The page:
Homemade Crème Fraîche is almost fool proof to make at home with 2 ingredients.
My main driver in making homemade crème fraîche is that it is hit and miss if my regular grocery stores have it in stock. And actually... it is mostly miss....
And if you do find it - it usually comes with a hefty price tag. You can make it at home for a fraction of the price of store bought.
A lot of French recipes call for crème fraîche and it adds a certain richness that is often key to the recipe. So not being sure of being able to buy it - I had to find a way to be able to make my own reliably.
What exactly is crème fraîche you ask? It is like sour cream only higher in fat by definition and therefore richer and creamier. It will not curdle when used in hot soups or casseroles. It has a light fresh tang that is more pleasant than the tang of yogurt.
Check out this Tartiflette recipe that features crème fraîche in the sauce.
Like sour cream - it is cream with an acid agent that will denature the cream to separate the whey and thicken the liquid. Really the only difference is the higher fat content.
What Do You Use Crème Fraîche For?
The easy answer is anywhere you want a rich sour cream! But it can be fancier than that too!
You can top fresh fruit with it. You may want whisk in a bit of sugar or honey if your tastes run to the sweet rather than tangy.
Casseroles with a cream sauce often use crème fraîche since, as mentioned above, it doesn't curdle.
A dollop on smoked salmon canapés would be classic. As a side for latkes or potato pancakes would be another classic.
Need to Know
The first thing you need to know is that none of the products you use here can be Ultra High Temperature (UHT) pasteurized. You know the dairy in cartons that don't need to be refrigerated until opened. Read the cartons - some in the dairy case can be UHT. The reason is that the UHT pastuerization kills off so much of the living culture in the dairy products there is not enough left to feed and ferment.
The basis is that the bacterial culture in the acidifier denatures and ferments the cream, thickening it and producing a slightly sour and tangy flavour.
In my experimentations I absolutely fell in love with crème fraîche made using Kefir as the thickening agent. It makes the tangiest version - bright with slightly sour but rich notes. I know it sounds like an oxymoron but you have to try it.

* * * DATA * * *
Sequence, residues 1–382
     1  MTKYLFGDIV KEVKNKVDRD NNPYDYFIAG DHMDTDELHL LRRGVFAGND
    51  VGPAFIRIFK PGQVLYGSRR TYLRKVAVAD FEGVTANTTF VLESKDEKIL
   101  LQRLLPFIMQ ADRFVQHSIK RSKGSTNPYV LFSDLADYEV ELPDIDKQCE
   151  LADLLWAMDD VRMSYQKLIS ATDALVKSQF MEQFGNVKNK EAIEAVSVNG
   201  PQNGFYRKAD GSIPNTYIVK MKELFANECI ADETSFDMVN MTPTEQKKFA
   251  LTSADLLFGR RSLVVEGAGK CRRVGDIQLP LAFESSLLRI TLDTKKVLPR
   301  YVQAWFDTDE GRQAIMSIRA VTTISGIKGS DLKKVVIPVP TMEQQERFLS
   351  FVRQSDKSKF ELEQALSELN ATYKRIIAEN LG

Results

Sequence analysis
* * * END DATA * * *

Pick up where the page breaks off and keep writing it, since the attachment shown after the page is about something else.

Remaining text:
Crème fraîche typically has a less sour profile than sour cream so if you are going for the light tasting profile use lemon juice instead of kefir.
Buttermilk is the classic acidifier and produces the mildest flavour but I have not had any success with using Buttermilk as a thickening/denaturing agent. You need cultured buttermilk which is, although not stated on the carton, apparently the average buttermilk we buy in our dairy section. I had absolutely no luck using buttermilk even after 48 hours. I suspect somehow the buttermilk was so processed there wasn't enough live culture left to ferment the cream ( I don't know why mine didn't work and others apparently have great success with it.)
You can also make it with yogurt or sour cream. BUT the yogurt and sour cream MUST has live bacteria culture.
Kefir is pretty commonly available and I like it best so I am just going to go with the Kefir version.
I personally am sold on the kefir approach and if I want it less savoury, say to top fruit I add a bit of sugar.
Homemade Crème Fraîche
- 1 cup 35 % cream See Note 1
- 1-2 Tbsps kefir See Note 2 for substitutes
- Mix cream and kefir in a glass container and cover with cheescloth or a tea towel. Allow to stand at room temperature 24-72 hours until desired thickness is achieved. (You can also put in an oven with just the light on to create a 'warm' atmosphere. It will thicken faster like this.)
- Drain off separated liquid if any. Reserve liquid to use like buttermilk if desired.
- Transfer to an airtight container and refrigerate. Serve chilled and refrigerate any left over.
- Will keep in the fridge about 1 week.